Friday 15 November 2019

A perkiness-free zone is just the tonic for weekends

 

Pat Kenny
Pat Kenny

Damian Corless

The trouble with Radio 1's crack-of-dawn slot, going back many years and many presenters, is that when the host says "and in the next hour we'll have this crooner and that band", you can fairly much guess what's coming. Often it'll be the artist's signature tune, and if not, you can anticipate something off-the-peg and obvious.

Lilian Smith never does off-the-peg and obvious. Every item is fastidiously hand-picked for an imagined listener of taste and discrimination. Her The Weekend on One (Radio 1, Sat-Sun 6am) is the perfect way to ease into the day.

Smith confers the blessings of an encyclopaedic knowledge and the broadest Catholic tastes, though no folk mass stuff. On Sunday, she flitted harmoniously from Jelly Roll Morton to The Paragons' original of 'The Tide is High' and on to Blondie's sublime '(I'm Always Touched By Your) Presence, Dear'. This is genre fluid radio at its most seamless.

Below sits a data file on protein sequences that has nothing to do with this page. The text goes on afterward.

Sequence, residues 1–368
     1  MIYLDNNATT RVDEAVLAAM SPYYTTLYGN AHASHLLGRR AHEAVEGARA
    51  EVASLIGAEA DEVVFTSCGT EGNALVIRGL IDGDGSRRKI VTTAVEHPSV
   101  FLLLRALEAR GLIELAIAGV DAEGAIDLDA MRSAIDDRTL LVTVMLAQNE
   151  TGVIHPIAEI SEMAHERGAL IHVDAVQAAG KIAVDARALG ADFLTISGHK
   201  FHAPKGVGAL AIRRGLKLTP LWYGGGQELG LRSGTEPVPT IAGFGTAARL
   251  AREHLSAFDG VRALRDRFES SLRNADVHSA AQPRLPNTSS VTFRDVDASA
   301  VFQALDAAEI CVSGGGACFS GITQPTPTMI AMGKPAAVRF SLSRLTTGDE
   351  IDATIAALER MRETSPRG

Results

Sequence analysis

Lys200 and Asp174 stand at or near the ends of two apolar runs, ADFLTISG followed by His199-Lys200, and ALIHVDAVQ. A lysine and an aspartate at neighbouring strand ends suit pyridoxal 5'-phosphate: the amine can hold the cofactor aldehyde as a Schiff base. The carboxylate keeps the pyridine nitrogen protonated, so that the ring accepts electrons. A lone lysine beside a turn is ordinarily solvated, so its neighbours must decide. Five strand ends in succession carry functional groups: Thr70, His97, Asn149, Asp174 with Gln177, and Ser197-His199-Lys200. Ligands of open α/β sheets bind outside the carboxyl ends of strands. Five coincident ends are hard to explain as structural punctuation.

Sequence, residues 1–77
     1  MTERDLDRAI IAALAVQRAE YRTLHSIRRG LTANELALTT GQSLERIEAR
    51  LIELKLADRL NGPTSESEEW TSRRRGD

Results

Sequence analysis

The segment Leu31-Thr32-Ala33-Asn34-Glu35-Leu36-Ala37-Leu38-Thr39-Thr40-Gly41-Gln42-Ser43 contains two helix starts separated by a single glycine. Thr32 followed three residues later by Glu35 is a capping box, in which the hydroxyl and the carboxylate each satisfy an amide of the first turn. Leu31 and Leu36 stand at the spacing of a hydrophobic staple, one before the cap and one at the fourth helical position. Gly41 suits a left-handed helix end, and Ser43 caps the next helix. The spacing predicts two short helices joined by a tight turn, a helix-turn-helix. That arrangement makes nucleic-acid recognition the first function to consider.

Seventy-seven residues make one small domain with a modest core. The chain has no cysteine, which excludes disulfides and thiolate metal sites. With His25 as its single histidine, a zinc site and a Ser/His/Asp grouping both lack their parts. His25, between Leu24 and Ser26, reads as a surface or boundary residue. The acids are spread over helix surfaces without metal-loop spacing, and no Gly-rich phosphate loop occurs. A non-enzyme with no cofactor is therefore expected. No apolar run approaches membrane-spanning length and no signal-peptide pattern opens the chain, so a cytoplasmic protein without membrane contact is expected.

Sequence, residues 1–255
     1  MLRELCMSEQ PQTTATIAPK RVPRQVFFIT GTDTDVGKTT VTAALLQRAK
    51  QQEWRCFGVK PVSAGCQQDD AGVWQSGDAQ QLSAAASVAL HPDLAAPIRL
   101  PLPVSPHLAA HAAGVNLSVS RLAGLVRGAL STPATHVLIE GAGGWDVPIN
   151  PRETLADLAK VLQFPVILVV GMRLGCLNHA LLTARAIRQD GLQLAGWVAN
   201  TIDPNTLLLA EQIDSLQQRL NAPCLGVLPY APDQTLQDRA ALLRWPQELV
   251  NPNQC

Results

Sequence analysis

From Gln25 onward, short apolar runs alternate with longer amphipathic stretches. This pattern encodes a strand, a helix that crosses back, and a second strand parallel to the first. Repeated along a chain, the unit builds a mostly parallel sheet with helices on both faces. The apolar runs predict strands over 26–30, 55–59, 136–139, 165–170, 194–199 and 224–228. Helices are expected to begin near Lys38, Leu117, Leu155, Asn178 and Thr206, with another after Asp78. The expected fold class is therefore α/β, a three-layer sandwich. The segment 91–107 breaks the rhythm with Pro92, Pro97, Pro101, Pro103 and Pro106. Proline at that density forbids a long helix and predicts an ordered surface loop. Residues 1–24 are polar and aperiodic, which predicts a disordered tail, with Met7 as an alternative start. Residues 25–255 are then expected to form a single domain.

Smith's tone is pitch perfect for the snoozy waking hours, closer in register to bleary than chirpy. Unlike its weekday counterpart, Weekend is a perkiness-free zone, and all the better for it. (To be fair, perkiness is probably what's needed for getting people out the door for the weekday grind.) She frames her music with witty banter that's understated and restrained for the hour that's in it. On Sunday, the morning after Boris Johnson's 'Super Saturday' Brexit gambit flopped like a jelly roll, she ran through some of the headlines in the pro-leave British papers. After reading out the one that whinged 'Why Won't They Let Us Leave?', she segued straight into 'Everything Is Awful' by The Decemberists.

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Ten years ago, as recession gripped, an adage grew up that "staying in is the new going out". This was a very bad thing, conjuring images of house arrest with RTÉ2's Saturday night movie and a bag of microwave popcorn. Cinemas were doomed, we were told. Nowadays it seems cinemas are still doomed, but Hollywood is sanguine. Discussing the streaming wars on John Fardy's excellent Screentime (Newstalk, Sat 6pm), Tim Gray of Variety insisted "every day we're getting new reasons to stay home and be entertained". The human race seems to face a fresh existential crisis with every news bulletin, but it's comforting to be reminded we really are such an adaptable lot.

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